- Another recent example is provided by the sharp fall in delinquency rates on US residential mortgages in the past few years — from their highs following the housing crash of 2008-09.
- Hence, there are only two ways to reduce debt burdens: default on outright; lower its real value through high inflation.
- It finally depends on the RBI whether it strengthens or weakens the inflation.
GS (M) Paper-3: “Food security”
GS (M) Paper-3: “indigenization of technology and developing new technology.”
Flaws in application Bt Cotton in India
What is Bt cotton?
- Bt cotton, is a transgenic plant which produces an insect controlling protein Cry1A(c).
- The gene has been derived from the naturally occurring bacterium, Bacillus thuringiensis.
- The cotton hybrids containing Bt gene produces its own toxin. The toxin is effective in killing bollworms, which are the most potent pest affecting cotton plants.
- Thus they significantly reduce chemical insecticide use and provide benefit to cotton growers and the environment.
Its usage in India:
- Official approval of Bt Cotton was granted in March 2002, thus Bt Cotton became the first GM crop approved in India.
- Introduction of Bt cotton revolutionized the production of cotton in India since 2002. But since 2008, yield increase has been stagnating.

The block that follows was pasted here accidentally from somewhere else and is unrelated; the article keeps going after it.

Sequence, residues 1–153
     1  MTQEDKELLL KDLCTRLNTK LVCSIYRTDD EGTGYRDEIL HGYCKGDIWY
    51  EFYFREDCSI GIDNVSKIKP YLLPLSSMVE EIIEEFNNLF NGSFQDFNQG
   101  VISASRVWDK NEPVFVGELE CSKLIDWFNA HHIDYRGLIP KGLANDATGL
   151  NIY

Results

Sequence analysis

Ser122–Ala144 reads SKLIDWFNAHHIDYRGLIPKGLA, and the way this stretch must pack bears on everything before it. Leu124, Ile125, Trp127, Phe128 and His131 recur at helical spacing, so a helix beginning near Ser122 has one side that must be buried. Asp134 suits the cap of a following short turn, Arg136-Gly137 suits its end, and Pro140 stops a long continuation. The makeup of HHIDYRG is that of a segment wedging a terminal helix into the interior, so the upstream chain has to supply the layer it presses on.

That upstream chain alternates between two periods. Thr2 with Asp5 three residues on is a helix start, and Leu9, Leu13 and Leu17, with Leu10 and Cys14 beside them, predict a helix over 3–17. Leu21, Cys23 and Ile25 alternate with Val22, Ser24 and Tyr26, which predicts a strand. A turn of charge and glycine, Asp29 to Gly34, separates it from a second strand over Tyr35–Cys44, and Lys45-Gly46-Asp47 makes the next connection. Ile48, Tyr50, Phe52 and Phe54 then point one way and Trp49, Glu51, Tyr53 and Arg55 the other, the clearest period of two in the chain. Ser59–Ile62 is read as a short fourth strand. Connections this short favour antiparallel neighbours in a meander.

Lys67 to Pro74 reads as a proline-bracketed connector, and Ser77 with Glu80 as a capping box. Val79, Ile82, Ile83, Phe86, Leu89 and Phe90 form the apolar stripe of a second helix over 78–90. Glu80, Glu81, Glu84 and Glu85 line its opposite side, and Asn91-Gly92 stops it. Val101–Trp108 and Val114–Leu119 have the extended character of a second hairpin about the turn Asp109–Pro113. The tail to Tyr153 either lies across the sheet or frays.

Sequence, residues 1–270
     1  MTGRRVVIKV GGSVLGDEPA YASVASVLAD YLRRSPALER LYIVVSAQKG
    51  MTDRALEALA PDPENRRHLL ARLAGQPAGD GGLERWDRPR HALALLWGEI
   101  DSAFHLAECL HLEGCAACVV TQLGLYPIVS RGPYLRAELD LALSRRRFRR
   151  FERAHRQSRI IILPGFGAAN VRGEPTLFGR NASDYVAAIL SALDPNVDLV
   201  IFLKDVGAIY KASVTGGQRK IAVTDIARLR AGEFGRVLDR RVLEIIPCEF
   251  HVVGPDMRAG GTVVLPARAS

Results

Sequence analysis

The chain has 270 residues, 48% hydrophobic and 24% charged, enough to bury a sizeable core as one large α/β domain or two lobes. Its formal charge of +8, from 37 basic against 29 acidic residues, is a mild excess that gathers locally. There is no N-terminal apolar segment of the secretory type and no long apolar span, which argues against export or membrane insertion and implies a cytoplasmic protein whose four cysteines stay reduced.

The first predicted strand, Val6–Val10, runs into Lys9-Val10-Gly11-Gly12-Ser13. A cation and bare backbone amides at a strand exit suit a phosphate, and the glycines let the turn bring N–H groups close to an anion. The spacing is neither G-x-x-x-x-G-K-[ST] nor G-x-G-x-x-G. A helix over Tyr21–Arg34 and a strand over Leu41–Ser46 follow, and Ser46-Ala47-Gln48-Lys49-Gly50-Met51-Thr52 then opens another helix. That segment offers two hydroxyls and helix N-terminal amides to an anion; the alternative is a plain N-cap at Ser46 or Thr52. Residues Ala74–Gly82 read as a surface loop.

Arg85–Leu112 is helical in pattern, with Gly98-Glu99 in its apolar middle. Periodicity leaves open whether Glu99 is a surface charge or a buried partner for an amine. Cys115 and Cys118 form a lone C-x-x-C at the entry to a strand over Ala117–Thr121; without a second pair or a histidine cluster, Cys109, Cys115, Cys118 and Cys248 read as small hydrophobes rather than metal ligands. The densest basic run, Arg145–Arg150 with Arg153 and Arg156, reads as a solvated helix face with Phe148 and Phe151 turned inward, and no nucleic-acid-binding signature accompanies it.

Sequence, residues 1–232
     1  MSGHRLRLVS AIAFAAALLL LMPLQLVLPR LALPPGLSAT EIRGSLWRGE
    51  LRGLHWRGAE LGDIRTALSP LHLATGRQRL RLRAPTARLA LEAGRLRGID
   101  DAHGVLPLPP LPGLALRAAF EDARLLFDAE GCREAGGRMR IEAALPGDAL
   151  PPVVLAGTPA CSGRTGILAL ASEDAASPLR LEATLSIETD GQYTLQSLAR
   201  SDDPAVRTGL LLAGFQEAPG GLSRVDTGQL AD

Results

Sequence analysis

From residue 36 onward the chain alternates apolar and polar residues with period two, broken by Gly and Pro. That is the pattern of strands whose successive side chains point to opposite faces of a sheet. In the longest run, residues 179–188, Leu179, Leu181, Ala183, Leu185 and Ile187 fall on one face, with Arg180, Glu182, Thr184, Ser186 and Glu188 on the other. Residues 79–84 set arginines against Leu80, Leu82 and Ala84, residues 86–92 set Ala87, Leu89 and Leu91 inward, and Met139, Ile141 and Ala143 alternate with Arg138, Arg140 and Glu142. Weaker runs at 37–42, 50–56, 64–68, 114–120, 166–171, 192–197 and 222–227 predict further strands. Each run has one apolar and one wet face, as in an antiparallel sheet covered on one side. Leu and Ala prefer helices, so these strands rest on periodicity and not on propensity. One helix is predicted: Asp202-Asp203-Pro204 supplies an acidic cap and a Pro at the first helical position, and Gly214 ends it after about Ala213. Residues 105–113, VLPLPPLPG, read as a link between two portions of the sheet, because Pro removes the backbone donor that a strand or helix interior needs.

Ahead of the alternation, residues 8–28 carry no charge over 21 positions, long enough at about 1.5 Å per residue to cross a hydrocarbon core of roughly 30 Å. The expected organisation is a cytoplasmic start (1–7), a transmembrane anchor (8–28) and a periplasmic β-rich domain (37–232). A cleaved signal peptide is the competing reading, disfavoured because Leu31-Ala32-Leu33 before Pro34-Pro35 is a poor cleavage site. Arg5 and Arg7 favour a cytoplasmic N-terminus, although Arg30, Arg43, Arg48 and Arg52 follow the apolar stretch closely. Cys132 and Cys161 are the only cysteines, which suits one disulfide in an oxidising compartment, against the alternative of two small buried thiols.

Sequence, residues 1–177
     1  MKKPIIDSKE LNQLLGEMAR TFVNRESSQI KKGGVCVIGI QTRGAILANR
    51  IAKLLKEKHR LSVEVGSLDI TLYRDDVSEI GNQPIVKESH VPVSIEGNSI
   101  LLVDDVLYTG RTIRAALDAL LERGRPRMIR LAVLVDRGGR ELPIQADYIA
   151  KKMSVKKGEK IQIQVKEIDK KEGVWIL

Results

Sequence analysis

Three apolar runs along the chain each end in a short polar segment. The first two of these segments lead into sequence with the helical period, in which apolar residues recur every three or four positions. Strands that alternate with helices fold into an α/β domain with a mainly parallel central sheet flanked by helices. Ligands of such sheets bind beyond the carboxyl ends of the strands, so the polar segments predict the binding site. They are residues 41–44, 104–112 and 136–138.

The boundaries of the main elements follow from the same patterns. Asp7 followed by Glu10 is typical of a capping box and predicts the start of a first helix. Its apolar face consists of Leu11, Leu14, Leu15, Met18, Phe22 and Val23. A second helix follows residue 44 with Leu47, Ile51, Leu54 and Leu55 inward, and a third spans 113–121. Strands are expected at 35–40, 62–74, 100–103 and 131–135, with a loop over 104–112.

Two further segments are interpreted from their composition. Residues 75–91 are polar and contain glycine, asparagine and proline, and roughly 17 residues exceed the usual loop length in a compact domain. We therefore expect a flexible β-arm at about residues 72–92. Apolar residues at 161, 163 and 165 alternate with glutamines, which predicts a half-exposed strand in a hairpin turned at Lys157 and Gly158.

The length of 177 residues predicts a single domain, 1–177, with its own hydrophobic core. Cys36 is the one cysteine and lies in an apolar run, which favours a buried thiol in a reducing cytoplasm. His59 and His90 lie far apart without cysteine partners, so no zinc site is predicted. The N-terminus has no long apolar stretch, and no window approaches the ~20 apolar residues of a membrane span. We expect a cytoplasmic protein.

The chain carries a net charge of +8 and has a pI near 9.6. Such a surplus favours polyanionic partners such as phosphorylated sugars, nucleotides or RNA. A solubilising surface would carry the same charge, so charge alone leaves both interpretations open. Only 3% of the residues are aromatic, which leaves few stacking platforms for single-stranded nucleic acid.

Major flaws in Bt cotton use in India:
- Undue haste in releasing Bt hybrids: Bt Cotton is available in two forms viz. Bt Hybrids and Bt straight (non-hybrid). The hybrids were introduced at the rate of almost 200 a year between 2007 and 2014. Such a huge number of Bt hybrids having varied growing durations, flowering periods and pest susceptibilities caused utter confusion among farmers as well as agronomists and pest management specialists. Thus, the first mistake India did was to allow the Bt Hybrids rather than limited Bt Straight varieties.
- The presence of cotton flowers in fields over longer durations helped bollworms to get accustomed to Bt toxins and acquire resistance against them much sooner than was anticipated.
- Laxity in forcing the farmers to grow non-Bt cotton on the periphery of Bt cotton fields as “refugia” to serve as alternative hosts for pests has also been a costly mistake. This could have delayed the emergence of resistance among pests.
- Overlooking emergence of resistance among pests.
- Distancing public institutions from Bt cotton research: Public-funded research centres should have been encouraged to evolve Bt cotton varieties and hybrids by using genes licensed from companies like Monsanto or discovered by them on their own. They can insert these genes in their own elite varieties or hybrids having superior fibre qualities, yield and adaptability to drought, pests and diseases.
All these mistakes have led to decrease in efficiency of Bt cotton. Mistakes must serve as a lesson for future ventures into introducing genetically modified crops.[Ref: Business Standard]